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A Guest Contribution by Dan Bailey
We photographers seem to have it easy. Whereas most artists spend anywhere from hours, to months to years to manufacture their creations, we can simply point, press and be done. However, that kind of convenience doesn’t necessarily translate into great imagery.
Shooting powerful photos that have lasting visual appeal requires more than just pointing and clicking; it takes applying some fundamental compositional methods that are designed to simplify your compositions and actively engage your viewers. Here are five steps that will help you strengthen the visual impact of your imagery.
Photography is all about light, and it’s the first thing that will make or break the shot. Not matter what you’re shooting, any and every subject will look better in great light. When we think of good light, we often think of Magic Hour, or the stretches of time during sunrise and sunset. As a general rule, shooting during these times will usually give excellent results.
However, be open to shooting at other times of the day, or even using other lighting sources. Fog, diffused window light or a camera flash can all make for compelling illumination. If you become proficient at wrangling the light, you can create great photos under any conditions.
First and foremost, your image should have have a main subject. Period. It needs to be about something. The most powerful photographs are built around a single element that serves as the focal point of the shot. As a photographer, your job is to draw your viewer into the frame, and if you don’t give them something to lock onto, their eyes will wander aimlessly around your picture trying to figure out what they’re supposed to see. If you don’t know what your picture is about, then your viewer won’t either and they’ll just move on.
A powerful photograph tells a story, which essentially means that it communicates some specific message or invokes an emotional response from the viewer. The best way to do build this story is to establish relationships between your main subject and the other elements inside the frame.
The job of these secondary elements is to compliment, reinforce or contrast the main subject in some way. An effective secondary subject can be as simple as a strong, out of focus background that gives a sense of place, or it can be two or three other things in the photo that give your subject something to play off of and help to establish the narrative of how your subject “fits” within the world of your frame.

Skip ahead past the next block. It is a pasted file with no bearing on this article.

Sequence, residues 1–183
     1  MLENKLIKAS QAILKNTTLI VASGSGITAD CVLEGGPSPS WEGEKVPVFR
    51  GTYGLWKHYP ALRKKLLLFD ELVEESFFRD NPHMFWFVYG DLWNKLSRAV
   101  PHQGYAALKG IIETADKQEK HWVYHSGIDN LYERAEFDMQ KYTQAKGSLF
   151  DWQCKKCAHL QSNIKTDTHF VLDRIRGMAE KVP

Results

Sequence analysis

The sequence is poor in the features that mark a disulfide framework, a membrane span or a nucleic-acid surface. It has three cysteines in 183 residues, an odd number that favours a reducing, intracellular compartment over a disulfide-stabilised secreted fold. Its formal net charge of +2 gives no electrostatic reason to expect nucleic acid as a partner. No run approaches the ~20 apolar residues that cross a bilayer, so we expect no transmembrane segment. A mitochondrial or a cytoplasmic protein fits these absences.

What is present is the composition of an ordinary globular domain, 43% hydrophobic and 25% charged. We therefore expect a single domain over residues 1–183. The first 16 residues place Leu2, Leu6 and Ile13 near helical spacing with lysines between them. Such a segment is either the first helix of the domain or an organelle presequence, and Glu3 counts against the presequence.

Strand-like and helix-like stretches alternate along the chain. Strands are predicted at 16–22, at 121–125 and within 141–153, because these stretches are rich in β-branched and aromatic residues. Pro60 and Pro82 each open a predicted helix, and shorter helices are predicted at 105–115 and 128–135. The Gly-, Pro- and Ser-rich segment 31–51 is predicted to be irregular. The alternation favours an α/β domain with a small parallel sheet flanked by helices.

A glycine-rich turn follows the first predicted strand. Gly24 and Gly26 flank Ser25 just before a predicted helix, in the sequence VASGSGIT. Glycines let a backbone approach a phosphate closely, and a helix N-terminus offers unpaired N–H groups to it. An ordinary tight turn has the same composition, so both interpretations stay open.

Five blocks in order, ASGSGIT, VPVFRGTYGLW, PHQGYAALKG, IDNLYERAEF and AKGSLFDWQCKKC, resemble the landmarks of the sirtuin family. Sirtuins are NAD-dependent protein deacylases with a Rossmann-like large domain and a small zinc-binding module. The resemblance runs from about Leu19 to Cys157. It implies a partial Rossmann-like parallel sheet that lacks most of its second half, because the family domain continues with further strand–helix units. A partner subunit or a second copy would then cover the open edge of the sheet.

Adding strong secondary elements to your photo also gives your viewer something else to explore as their eyes scan the image, and more importantly, it gives them something to think about. Anytime you activate your viewer’s brain, you’ve gone a long way towards creating a compelling image.
Depending on how you place your subjects in the frame, you determine the experience by which your viewer scans and respond to what’s in your photograph. The human eyes and brain are hard wired to see and recognize patterns, colors and imperfections in the world; it’s how we evolved to identify our surroundings and spot things like food and danger.
By using a mix of hot and cool colors and by placing your subjects in seemingly random areas in the frame, you cause an inherent uneasiness in your viewers. Their eyes will scan your image, trying to find patterns and that may not exist, and so they’ll keep looking, tracking back and forth between your different subject elements, and darting across broad patches of negative space in order to make sense of the photo. By contrast, if your composition is too perfect, or too balanced, your viewer will quickly spot this nice, easy pattern and move on. That’s not what you want.
A common mistake with beginning photographers is to try and show too much. This leads to cluttered, boring images that do little to engage the viewer’s brain. As I said in number 2 above, in order to create a powerful photo, you need a main subject. However, I didn’t say that you had to show the whole thing.
Abbreviating your subjects can be a very powerful method towards creating a compelling shot. Especially if I they’re things that we’re all familiar with. If you only show part of a subject, you automatically activate your viewer’s imagination as they try to picture the rest in their mind. Photography is a two way street: You have creator and viewer, and if you bring your audience into the process, you invite them to become more connected to your shot.
Remember, good photography isn’t about perfectly reproducing your subject, it’s about creating a visual representation that communicates the ideas or emotions that you had about the scene right when you pressed the shutter.
For more creative photography tips, I invite you to check out my eBook Making The Image – A Conceptual Guide to Creating Stronger Images. I’ll even give you a special price! Use discount code DPS you can get eBook for 50% off.
Dan Bailey is a full time professional outdoor, adventure and travel photographer based in Alaska. When he’s not off exploring in the mountains, writing about photography, or flying his little yellow bush plane, he can sometimes be found lurking in the forums right here at DPS.
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